It’s World Contraception Day on Sunday and as every year the goal is to spread the word and raise awareness about contraception and safe sex, to help each new generation of adults make informed decisions until every pregnancy in the world is a planned one. And we’re excited to be teaming up with UK-based startup The Lowdown on this mission this year.
The Lowdown is a review platform for contraception that uses datasets, medical experts and supports a growing community to share some insights into the barriers women face when trying to access contraception today.
Last spring as part of the UK Government’s call for evidence into Women’s Health, the startup created a survey to get feedback from women on their experiences with reproductive and sexual healthcare. They received over 2.000 survey responses and have written up the findings into a report that we want to share with you today.
The full report is available for download here.
In summary, the survey conducted by The Lowdown found that:
- 87% of women report a time where they don’t feel listened to by healthcare professionals
- 64% use Google as their main source for info and advice on contraception
- 95% are comfortable talking to their friends about contraception vs. only 70% who feel comfortable discussing with their GP
Side effects continue to be the main problem with contraceptives:
- 68% of women have been impacted by side effects from their most recent form of contraception
- 47% of women say that at some point in their life, contraception has negatively impacted their general sense of wellbeing and mental health
- Research shows that side effects are the most commonly reported reason why women discontinue taking the contraceptive pill or take it incorrectly
And even in the UK women have problems accessing contraception:
- Half of women in the UK have had problems accessing contraception
- 1 in 3 have paid, and the majority are willing to pay for their contraception in order to receive better service
- This has been accelerated by COVID – 43% of Lowdown users said that COVID had changed the way they choose, access or use their contraception. (Lowdown and Superdrug survey of 144 people, Sept 2020)
And since it is World Contraception Day on Sunday, we also took a moment to check in with The Lowdown Founder & CEO Alice Pelton to see what her company is planning to spread awareness, reflect on the finding from the survey and get her take on what actionable steps can and should be taken in order to address some of the pain points identified.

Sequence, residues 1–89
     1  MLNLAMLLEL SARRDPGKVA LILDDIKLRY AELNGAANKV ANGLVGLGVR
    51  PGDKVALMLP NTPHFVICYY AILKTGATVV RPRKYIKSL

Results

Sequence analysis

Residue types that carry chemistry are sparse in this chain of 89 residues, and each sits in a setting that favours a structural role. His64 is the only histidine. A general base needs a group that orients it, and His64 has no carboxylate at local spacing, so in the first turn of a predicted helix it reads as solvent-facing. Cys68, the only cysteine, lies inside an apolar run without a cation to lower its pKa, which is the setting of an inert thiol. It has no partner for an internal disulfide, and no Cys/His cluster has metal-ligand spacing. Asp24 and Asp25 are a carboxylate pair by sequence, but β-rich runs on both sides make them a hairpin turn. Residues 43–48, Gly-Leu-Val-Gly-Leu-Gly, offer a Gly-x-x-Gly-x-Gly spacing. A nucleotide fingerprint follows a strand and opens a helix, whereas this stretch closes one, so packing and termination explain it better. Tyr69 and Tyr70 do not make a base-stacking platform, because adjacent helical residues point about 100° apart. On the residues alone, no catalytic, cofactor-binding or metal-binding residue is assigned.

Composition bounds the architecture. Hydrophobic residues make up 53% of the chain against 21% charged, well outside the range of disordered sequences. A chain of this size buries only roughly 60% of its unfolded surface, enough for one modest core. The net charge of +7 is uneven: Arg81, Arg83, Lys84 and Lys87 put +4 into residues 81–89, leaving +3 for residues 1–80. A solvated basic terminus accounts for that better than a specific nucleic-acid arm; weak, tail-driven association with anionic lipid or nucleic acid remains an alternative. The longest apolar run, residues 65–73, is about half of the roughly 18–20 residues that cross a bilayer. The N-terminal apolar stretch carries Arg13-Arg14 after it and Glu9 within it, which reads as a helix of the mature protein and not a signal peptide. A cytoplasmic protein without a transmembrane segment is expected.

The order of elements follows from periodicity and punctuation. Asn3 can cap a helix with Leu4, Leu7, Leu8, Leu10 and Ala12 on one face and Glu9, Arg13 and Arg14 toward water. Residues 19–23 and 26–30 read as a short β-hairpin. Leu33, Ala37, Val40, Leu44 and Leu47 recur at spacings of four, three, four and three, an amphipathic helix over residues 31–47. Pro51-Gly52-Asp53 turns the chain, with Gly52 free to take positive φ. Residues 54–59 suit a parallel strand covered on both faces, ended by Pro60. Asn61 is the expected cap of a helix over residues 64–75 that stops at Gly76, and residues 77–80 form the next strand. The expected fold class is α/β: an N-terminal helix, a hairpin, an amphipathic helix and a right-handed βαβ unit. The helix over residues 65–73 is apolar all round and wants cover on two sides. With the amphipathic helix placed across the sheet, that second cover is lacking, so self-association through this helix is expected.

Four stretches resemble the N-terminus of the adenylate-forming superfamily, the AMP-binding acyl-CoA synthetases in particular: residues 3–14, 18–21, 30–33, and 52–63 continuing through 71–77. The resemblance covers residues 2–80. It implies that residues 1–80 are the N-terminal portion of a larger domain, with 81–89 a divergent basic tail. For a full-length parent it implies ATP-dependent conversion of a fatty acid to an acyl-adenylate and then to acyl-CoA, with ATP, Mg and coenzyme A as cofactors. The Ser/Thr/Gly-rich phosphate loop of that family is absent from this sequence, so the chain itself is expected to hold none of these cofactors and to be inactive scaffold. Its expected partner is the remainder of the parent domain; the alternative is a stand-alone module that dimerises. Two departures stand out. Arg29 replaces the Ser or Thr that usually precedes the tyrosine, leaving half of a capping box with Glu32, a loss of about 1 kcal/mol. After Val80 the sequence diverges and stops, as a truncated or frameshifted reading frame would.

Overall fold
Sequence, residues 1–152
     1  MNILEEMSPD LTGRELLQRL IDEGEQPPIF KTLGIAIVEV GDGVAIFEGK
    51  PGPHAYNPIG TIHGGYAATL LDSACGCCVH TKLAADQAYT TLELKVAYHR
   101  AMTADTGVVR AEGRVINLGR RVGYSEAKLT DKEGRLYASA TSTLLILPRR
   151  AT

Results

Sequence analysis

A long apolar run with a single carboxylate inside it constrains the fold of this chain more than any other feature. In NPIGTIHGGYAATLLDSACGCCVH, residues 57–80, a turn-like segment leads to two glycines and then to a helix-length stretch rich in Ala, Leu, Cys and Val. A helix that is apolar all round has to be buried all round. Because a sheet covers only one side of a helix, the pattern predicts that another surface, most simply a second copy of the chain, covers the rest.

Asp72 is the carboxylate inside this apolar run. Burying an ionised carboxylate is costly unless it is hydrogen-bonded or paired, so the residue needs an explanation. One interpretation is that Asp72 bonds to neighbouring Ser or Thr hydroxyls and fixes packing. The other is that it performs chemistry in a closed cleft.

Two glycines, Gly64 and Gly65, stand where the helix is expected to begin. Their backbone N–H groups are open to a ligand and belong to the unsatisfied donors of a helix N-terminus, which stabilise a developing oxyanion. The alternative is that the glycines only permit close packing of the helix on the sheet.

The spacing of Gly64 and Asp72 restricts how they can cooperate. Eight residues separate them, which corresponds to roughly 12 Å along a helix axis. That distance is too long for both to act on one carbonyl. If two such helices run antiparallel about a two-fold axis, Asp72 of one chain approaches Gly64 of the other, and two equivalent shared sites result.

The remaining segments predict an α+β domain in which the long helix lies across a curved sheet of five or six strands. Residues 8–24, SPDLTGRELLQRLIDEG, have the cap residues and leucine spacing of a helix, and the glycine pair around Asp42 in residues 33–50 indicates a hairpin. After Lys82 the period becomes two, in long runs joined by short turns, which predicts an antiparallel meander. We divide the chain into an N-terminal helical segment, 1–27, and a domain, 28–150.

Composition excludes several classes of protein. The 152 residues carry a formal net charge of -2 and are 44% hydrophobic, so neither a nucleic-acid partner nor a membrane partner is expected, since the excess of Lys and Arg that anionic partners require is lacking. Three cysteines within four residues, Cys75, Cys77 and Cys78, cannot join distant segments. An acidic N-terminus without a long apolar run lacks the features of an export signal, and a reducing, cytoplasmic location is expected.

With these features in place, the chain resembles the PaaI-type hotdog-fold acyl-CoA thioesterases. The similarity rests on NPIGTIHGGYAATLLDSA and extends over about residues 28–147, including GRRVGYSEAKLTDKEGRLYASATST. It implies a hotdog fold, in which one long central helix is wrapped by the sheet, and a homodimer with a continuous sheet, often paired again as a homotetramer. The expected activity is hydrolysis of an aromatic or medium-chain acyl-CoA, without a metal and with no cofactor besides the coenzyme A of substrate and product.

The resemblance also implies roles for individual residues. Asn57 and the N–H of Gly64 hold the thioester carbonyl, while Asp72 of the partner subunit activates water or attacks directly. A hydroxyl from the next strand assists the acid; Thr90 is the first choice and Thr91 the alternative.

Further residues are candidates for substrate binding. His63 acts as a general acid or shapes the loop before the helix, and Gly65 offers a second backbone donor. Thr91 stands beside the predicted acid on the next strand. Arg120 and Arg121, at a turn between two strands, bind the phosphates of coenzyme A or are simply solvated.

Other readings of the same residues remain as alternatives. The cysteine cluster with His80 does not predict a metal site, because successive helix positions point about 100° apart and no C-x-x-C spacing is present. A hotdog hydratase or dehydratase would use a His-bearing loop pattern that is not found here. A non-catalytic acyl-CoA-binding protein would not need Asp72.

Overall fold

Alice, what’s going on at the The Lowdown HQ today on World Contraception Day?
Tonight we’re hosting a very exciting community event for The Lowdown team and friends where we’ll be sharing all our latest findings and doing a panel discussion with some of our biggest fans who’ll be sharing their experiences with contraception. Watch out for the highlights tonight on our Instagram @Get.the.lowdown.
You’re a mission-driven founder and have been following the reproductive health space for a long time. How do you think it is changing? Are there any developments that you’re excited about or find concerning?
It does feel like these issues are finally getting more attention from the media and governments, with the recent UK government’s Call for Evidence into women’s health being a good example. Finally others are realising that we need to ask women what they want, and really listen to them. But I hope these aren’t just PR exercises and there will be funding, resourcing and critical process changes to the way women in this country access sexual and reproductive health as a result.
What concerns me is there’s still very little innovation and investment into new contraceptive methods. In the two years I’ve run The Lowdown only one person from a pharmaceutical company has responded to my emails or taken a call with me. It’s depressing how little they care about improving this drug category.
Oh and obviously the recent abortion changes in the U.S. are terrifying.
Your survey showed quite clearly that there’s still a lot of work to be done. When reflecting, were there any findings that you found particularly surprising or interesting?
I think the number of women who pay, or would pay for contraception is surprising. This reflects how difficult it can be to get hold, and how much we value ease and convenience in a post-covid era. The feedback we’re seeing from our paid consultation and prescriptions service shows just how much women value being able to choose their brand of pill, and not run the risk of having it switched or changed by their GP.
In what ways are the results of the survey impacting your work at the Lowdown and overall what do you think can or should be done to address some of the pain points you identified?
Everything we do at The Lowdown is about tackling the data, access and advice problems that the survey identifies.
A strong message from the anecdotal responses was women wanting an honest and informed discussion around contraceptive side effects, and to be taken seriously when they feel they are impacting them. This is something we’re proud that our data and community is spearheading.
We need to realise that traditional research has its limitations – it’s slow, you have to have large studies that are rigorously designed to be valid. Also, in part due to the historical lack of funding, there’s not a huge amount of gold standard research evidence when it comes to contraception and its side effects, meaning we don’t have the answers. It’s ok not to know. Why can’t we say we don’t know, instead of gaslighting women when they think they have problems?